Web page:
14 Sep 2023
 | 14 Sep 2023
Status: this preprint is open for discussion.

Frost quakes in wetlands in northern Finland during extreme winter weather conditions and related hazard to urban infrastructure

Nikita Afonin, Elena Kozlovskaya, Kari Moisio, Emma-Riikka Kokko, and Jarkko Okkonen

Abstract. The paper reports the first results of experiment in northern Finland during winter, 2022–2023, that aimed to study seismic events caused by seasonal freezing in so-called Critical Zone (CZ) of the Earth. These events have attracted public attention recently, as multiple reports about them from local inhabitants in Arctic and sub-Arctic areas appeared recently in social networks. To make an instrumental study of such events, to reveal relationship between their occurrence and winter weather conditions and to evaluate the possible hazard, we installed two high-resolution seismic arrays with co-located soil temperature stations at two sites in Finland, one of them being in the city of Oulu in the sub-Arctic area (65.04° N, 25.61° E) and the other one, above the Polar Circle in municipality of Sodankylä (67.36° N, 26.63° E). The equipment recorded continuous seismic and soil temperature data during November 2022–April 2023. Based on reports from the inhabitants of Talvikangas (Oulu) about ground shaking and unusual noises on 6.1.2023 and their observations of new fractures on the roads there, we selected the time interval for identification of frost quakes originated during that day from continuous seismic records in Talvikangas and in Sodankylä. During the selected time interval, the extremely rapid air temperature drop of about -1.4 °C/hour in Talvikangas and -0.88 °C/hour in Sodankylä were observed. We identified and located two types of seismic events, namely, frost quakes with frequencies of about 10–20 Hz, with waveforms like those of tectonic events, and irregular-shape frost tremors with frequencies of about 120–180 Hz. The sources of frost quakes in Talvikangas are mainly located on irrigated wetland while in Sodankylä about 50 % of registered frost quakes were caused by ice fracturing on the Kitinen river. However, several relatively strong events with origin in wetlands were also recorded. A significant number of sources of frost tremors are confined to wetland areas cut by irrigation channels and to roads cleaned from snow during winter, both in Talvikangas and in Sodankylä. We calculated ground accelerations and ground velocities for strongest events from both groups and compared them to equivalent properties of other seismic signals, like distant local earthquakes in the area, mining production blasts, cargo trains vibration. Our study shows that high-frequency frost tremors corresponding to surface fracture opening in the uppermost frozen surface layer of the thickness up to 5 cm can directly damage infrastructure objects like roads and basements of buildings. Surface waves, produced by frost quakes and propagating inside the shallow soil layer, have large enough ground accelerations at epicentral distances of hundreds of meters. Therefore, frost quakes should be considered as phenomenon, that potentially can damage infrastructures and they have to be taken into account in seismic hazard assessment. Our research is the first instrumental study of seismic events originated from wetland areas. These events occur as a result of interaction between the uppermost layer of the solid Earth’s CZ and atmosphere processes that deserves further study.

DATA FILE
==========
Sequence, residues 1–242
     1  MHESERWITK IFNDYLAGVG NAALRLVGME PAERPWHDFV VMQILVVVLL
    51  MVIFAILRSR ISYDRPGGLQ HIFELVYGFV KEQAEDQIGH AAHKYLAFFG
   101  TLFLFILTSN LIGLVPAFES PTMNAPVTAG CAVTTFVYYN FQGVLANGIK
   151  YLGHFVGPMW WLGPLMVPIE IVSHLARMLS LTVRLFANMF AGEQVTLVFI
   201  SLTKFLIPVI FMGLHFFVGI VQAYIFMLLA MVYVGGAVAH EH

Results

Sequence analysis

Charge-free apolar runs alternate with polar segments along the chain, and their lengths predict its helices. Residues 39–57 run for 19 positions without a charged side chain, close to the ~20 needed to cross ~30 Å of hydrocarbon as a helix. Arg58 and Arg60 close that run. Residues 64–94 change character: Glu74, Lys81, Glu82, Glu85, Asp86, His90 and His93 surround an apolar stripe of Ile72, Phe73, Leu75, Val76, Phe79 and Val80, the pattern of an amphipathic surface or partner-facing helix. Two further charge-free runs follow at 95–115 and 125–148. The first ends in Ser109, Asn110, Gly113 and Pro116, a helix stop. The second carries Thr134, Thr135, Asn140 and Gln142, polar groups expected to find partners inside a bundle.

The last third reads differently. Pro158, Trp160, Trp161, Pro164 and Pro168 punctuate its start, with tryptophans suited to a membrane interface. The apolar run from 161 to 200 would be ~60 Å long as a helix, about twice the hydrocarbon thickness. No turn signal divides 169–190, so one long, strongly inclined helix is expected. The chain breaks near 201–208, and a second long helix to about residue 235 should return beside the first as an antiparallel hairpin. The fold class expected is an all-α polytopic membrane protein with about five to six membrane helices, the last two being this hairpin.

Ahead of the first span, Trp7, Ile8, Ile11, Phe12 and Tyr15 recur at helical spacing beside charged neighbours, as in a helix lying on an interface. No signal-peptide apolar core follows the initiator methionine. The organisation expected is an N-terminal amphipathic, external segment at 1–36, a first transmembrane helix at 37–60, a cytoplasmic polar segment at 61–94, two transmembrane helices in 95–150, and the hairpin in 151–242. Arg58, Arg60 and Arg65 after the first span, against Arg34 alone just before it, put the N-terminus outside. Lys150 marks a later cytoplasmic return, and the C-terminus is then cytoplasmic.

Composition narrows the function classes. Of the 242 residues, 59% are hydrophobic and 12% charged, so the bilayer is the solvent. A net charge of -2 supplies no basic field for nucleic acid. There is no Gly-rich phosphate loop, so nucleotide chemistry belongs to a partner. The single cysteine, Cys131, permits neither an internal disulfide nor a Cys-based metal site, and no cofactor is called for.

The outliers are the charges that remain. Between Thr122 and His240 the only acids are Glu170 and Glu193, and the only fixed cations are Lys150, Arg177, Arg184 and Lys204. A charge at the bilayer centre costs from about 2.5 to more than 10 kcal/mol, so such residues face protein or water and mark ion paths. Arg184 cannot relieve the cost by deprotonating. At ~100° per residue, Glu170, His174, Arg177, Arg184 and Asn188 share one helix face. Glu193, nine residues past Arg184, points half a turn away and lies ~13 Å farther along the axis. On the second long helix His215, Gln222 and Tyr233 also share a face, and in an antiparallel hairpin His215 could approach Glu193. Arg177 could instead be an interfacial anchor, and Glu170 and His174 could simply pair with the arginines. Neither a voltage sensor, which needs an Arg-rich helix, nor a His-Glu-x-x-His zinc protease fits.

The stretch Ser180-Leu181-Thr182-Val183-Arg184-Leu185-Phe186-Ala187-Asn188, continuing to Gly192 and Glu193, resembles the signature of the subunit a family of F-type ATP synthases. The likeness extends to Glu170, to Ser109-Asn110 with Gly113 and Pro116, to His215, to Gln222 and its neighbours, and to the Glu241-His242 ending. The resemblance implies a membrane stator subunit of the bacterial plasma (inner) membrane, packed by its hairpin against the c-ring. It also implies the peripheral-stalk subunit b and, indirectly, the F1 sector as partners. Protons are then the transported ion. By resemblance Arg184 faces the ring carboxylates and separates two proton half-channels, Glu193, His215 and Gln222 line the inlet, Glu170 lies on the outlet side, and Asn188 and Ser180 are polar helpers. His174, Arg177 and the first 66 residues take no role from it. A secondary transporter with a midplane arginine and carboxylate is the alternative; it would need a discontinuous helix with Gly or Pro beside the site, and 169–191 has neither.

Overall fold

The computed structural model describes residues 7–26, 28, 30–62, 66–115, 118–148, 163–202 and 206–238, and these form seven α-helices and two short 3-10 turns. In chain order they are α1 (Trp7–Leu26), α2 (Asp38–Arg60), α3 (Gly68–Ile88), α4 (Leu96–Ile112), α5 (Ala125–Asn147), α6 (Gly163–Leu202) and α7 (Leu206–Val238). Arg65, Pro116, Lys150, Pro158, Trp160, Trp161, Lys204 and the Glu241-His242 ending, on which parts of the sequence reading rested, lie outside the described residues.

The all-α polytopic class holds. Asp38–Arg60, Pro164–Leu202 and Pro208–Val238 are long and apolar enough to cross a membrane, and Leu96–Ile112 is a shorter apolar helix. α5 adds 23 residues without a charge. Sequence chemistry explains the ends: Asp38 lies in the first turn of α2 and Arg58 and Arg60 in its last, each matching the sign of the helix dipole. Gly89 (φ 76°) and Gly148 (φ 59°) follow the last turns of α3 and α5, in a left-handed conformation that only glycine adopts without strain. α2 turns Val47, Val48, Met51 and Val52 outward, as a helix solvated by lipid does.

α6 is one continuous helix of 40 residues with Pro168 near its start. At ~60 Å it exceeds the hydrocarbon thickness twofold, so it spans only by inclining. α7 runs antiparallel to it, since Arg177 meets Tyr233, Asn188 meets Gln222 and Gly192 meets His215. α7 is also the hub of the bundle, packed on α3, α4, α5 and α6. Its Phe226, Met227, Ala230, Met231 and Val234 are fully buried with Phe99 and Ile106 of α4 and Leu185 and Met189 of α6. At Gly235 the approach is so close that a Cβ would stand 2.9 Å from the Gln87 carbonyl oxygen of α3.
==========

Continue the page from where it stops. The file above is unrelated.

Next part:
Nikita Afonin et al.

Status: open (until 19 Dec 2023)

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Nikita Afonin et al.

Nikita Afonin et al.


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Short summary
Our study shows that seismic events in wetlands in Arctic and sub-Arctic areas are capable to produce ground motions strong enough to damage the infrastructures, like roads and basements of buildings, located at distances of several hundreds of meters from wetlands. That is why this phenomenon deserves further studies.